We’ve all been there – you ran a race, lifted heavy at the gym, or added extra miles to your ride – regardless, you worked hard and are now paying for it dearly the day after. You have what’s known as Delayed Onset Muscle Soreness, or DOMS. DOMS can vary in it’s appearance, sometimes starting up anywhere from roughly 12 to 72 hours after a particularly intense bout of exercise.
DOMS is essentially muscle soreness that seems to develop long after you’ve completed a workout. The later it shows up is certainly confounding to many who’ve experienced this.
Sure, the workout was tough and you felt it, but once you’ve rested and recovered suddenly you become sore - really sore. Perhaps the best example of this is the day after a Marathon – your legs seem wrecked!
It can happen to anyone, no matter what kind of shape they’re in. Any athlete can attest to this, as DOMS is almost certain to appear after a change in duration or intensity, when the muscles are otherwise unaccustomed to new stresses.
An older theory of DOMS was that it’s caused by a build up of lactic acid and other ‘waste’ products. In fact, you still probably hear people spout this off here and there! This has been disproven time and time again. Lactic acid is considered a fuel and is gobbled up by exercising muscles – none of it will be found sitting around in your muscles the day after a workout.
DOMS is really due to microscopic damage, or “microtrauma” in the muscles This breakdown of the muscles is normal and plays an important role in adaptation to gains in strength. However when we experience DOMS this is a signal we’ve overdone it and now the muscles are inflamed.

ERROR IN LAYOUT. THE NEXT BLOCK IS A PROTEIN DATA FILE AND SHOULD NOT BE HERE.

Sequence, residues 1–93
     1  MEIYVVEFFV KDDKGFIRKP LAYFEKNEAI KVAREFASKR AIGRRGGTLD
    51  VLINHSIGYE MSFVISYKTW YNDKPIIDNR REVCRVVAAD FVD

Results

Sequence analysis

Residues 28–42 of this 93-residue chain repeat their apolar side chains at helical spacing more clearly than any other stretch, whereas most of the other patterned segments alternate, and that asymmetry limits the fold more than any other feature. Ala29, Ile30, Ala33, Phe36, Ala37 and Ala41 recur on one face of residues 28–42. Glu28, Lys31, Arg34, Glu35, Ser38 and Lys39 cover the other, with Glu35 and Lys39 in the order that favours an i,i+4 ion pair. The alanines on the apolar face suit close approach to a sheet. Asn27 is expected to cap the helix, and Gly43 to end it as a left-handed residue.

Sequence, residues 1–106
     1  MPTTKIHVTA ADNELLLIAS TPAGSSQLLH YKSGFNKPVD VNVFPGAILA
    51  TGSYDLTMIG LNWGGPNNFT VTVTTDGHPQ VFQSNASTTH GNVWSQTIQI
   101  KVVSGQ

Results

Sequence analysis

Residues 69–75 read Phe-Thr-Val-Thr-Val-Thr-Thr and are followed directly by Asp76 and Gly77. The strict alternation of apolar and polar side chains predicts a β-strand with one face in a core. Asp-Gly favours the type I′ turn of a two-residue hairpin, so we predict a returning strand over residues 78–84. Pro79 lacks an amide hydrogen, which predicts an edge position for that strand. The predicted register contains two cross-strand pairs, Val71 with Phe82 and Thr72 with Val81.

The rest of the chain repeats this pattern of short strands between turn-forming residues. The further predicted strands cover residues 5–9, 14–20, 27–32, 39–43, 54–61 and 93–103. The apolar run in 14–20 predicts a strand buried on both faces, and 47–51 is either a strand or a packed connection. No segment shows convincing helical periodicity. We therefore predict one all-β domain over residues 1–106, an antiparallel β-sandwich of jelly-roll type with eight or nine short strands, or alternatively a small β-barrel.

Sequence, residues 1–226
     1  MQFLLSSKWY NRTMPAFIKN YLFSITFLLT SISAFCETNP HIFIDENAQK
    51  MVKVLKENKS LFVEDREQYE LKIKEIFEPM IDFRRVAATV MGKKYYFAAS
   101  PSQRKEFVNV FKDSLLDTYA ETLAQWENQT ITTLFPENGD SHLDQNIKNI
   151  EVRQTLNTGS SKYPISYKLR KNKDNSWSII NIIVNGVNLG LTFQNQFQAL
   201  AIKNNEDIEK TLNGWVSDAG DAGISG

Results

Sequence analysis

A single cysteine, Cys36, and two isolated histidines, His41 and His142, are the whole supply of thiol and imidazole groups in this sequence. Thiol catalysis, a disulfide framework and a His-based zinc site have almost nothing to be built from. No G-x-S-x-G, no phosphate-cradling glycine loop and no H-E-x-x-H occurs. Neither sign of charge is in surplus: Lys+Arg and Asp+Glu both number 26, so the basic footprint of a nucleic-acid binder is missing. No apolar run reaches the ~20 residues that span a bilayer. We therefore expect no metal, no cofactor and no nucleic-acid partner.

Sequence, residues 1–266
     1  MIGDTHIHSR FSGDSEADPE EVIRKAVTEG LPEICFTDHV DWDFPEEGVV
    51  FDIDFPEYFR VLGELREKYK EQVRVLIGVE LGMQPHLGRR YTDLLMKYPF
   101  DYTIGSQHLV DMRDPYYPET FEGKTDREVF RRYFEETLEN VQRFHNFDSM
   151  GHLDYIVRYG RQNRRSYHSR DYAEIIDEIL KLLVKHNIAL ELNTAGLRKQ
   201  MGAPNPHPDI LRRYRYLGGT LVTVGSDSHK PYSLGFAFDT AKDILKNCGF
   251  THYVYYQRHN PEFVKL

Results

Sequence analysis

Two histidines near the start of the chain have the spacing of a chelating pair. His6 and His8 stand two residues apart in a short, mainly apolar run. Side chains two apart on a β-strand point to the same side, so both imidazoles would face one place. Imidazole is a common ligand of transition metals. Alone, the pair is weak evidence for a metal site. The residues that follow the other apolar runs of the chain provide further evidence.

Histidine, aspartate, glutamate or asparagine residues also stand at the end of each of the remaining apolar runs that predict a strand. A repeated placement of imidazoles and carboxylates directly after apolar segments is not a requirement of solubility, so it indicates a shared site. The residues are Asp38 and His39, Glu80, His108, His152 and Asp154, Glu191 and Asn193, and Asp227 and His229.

Even stress-adapted muscles are still broken down to some extent when pushed beyond the normal training boundaries.
DOMS most often occurs during eccentric muscle movements, or when force is applied to a muscle that’s lengthening. The best way to think of this is what happens to your thighs as you run down a hill – the quadriceps extend until they are met with the force of the foot hitting the ground.
The pain of DOMS is different from that you might encounter during exercise. It’s marked by exquisite tenderness of the muscles – they even hurt to touch! Other common symptoms include:
More serious signs include very swollen muscles or dark urine, despite hydration. If this happens, you need to see a doctor. In extreme cases, excess muscle damage can lead to a condition known as rhabdomyolysis. This occurs when muscle breakdown is excessive and uncontrolled. Rhabdomyolysis occurs when the muscles release large amounts of the enzymes myoglobin and creatine kinase, which can quickly overwhelm the kidney’s ability to function normally.
It may seem like DOMS is an unavoidable consequence of intense training – that isn’t necessarily true. In the future we’ll address how you can better prepare your muscles for the stress of training so you’re less prone to DOMS, and how you can ease the pain if you do develop it. Stay tuned!
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